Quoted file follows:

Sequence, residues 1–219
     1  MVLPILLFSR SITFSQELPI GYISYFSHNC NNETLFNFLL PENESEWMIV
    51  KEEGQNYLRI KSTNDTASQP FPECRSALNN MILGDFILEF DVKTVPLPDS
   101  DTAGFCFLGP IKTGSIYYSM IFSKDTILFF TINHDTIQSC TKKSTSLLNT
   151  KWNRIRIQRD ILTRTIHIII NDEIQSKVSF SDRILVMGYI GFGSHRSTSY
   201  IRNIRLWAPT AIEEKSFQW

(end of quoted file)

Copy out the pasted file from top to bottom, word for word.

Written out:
Sequence, residues 1–219
     1  MVLPILLFSR SITFSQELPI GYISYFSHNC NNETLFNFLL PENESEWMIV
    51  KEEGQNYLRI KSTNDTASQP FPECRSALNN MILGDFILEF DVKTVPLPDS
   101  DTAGFCFLGP IKTGSIYYSM IFSKDTILFF TINHDTIQSC TKKSTSLLNT
   151  KWNRIRIQRD ILTRTIHIII NDEIQSKVSF SDRILVMGYI GFGSHRSTSY
   201  IRNIRLWAPT AIEEKSFQW